lorida Sen. Bill Nelson said Thursday that Twitter is taking steps to guard against the kind of fake tweets that hit The Miami Herald last month, but that “a lot more has got to be done.”
Nelson called for a technical summit, led perhaps the Federal Trade Commission, to “get all of the relevant companies in the same room and talk about this problem with a collective sense of urgency and come up with some solutions.” Such a summit should include social media platforms, digital content companies, software developers, news organizations and government agencies, he said.
However, the Twitter executives who met with Nelson Thursday declined to identify those behind the hoax, which came shortly after the Feb. 14 high school shooting in Parkland, Florida, that left 17 people dead.
In the aftermath of the school massacre, a perpetrator sent out tweets containing manipulated images purporting to be tweets from a reporter at the Herald. The fake tweets appeared intended to rile the public, asking the race of the gunman and seeking photos from the scene.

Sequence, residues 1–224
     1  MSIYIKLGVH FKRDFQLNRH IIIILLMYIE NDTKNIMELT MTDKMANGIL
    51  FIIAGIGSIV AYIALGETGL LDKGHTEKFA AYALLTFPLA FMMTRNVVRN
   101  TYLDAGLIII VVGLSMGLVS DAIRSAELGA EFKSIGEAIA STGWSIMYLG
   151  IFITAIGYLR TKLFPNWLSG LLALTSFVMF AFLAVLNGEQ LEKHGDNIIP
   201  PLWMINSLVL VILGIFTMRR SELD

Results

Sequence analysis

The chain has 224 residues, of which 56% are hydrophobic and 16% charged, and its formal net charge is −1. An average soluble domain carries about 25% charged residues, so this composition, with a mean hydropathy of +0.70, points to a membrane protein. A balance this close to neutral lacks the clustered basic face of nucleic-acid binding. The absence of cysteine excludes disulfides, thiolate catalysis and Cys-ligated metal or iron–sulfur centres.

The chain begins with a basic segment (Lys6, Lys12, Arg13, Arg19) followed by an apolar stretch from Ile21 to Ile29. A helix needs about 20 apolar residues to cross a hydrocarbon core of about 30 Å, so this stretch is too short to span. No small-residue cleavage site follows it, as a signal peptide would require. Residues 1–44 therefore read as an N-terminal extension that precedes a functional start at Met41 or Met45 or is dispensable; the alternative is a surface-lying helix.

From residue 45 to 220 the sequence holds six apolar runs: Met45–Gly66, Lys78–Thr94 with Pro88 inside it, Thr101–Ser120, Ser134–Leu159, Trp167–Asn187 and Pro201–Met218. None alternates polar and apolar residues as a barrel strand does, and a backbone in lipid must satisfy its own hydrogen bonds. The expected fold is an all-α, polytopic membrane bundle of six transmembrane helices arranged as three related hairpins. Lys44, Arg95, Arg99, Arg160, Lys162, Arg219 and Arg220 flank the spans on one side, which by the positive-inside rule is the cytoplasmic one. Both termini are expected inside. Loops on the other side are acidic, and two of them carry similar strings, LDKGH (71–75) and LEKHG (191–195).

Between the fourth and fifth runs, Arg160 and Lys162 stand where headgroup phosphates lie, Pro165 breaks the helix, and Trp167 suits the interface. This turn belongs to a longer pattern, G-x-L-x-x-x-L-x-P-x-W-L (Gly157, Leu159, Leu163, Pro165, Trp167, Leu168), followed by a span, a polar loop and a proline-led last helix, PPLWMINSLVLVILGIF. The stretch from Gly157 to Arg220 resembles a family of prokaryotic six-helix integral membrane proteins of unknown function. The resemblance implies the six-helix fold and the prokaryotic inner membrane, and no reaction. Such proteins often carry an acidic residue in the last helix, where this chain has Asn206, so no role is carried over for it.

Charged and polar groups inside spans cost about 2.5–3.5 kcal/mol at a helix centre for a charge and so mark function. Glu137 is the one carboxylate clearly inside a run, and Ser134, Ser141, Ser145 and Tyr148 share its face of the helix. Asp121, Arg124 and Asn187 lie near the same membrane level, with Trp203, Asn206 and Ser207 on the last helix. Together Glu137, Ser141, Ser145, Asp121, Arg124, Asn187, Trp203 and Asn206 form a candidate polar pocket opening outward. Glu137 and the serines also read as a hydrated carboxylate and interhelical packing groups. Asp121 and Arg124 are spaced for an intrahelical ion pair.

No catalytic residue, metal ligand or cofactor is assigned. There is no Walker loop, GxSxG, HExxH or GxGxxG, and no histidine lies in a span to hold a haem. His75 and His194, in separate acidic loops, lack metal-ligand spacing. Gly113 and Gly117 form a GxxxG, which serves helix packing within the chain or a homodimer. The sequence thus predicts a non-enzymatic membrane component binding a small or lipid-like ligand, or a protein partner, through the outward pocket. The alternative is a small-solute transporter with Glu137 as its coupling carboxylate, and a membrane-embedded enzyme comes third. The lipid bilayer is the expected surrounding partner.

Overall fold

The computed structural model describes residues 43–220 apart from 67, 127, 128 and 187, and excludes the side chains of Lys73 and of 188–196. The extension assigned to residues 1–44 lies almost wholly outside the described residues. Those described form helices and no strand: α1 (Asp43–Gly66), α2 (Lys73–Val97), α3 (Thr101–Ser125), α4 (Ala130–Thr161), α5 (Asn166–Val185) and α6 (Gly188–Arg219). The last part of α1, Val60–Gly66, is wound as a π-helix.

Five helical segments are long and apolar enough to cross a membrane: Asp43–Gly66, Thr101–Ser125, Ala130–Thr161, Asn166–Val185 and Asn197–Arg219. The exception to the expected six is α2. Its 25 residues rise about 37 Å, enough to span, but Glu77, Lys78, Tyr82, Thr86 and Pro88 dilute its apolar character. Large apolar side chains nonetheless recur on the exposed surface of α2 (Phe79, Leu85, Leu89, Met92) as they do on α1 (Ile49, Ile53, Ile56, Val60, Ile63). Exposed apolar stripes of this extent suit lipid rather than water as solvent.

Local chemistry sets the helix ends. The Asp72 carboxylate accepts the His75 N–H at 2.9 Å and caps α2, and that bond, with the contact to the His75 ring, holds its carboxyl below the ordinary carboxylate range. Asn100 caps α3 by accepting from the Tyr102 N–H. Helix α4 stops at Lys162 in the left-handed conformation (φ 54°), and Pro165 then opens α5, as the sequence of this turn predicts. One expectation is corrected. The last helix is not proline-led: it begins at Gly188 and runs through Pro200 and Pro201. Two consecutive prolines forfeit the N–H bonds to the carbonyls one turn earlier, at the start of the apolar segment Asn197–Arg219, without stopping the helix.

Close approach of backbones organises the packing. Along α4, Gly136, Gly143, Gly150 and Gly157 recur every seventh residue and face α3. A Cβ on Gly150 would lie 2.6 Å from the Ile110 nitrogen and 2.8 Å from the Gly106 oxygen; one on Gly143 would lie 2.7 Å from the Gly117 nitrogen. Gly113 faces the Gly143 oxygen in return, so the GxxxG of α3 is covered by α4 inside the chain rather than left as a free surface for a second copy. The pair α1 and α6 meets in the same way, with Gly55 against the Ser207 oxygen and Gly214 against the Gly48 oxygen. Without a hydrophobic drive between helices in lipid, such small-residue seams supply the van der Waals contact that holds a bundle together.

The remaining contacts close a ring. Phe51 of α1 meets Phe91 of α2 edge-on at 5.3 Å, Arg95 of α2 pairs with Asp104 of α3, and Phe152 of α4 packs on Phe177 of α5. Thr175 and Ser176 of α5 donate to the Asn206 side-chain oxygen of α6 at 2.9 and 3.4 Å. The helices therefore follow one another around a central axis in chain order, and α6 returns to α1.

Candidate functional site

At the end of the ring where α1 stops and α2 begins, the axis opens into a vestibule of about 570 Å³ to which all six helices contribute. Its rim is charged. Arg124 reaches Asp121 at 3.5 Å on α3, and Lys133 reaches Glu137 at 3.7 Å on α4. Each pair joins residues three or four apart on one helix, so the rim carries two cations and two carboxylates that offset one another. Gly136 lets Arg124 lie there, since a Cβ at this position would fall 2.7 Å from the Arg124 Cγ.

The Herald reporter, Alex Harris, notified Twitter in the late afternoon of the fake tweets and received a response from the company at 5:23 p.m. that it would look into the matter. Over the course of the evening, other fake tweets went out at 8:25 p.m. and again at 10:50 p.m.
According to the Twitter executives, the 10:50 p.m. fake tweet was seen only by 600 people. Harris posted her own tweet at 10:52 p.m. decrying the “doctored versions of tweets I sent while trying to tell the stories of victims and survivors.”
Nelson said Twitter executives told him the company’s algorithms elevated the visibility of Harris’s last response so that 600,000 account holders saw it. He said the hoax could have gone uncontested for many hours if it weren’t for the reporter’s quick response.
“What if she had been asleep and didn’t see that until the next morning when she’s drinking coffee?” Nelson asked.
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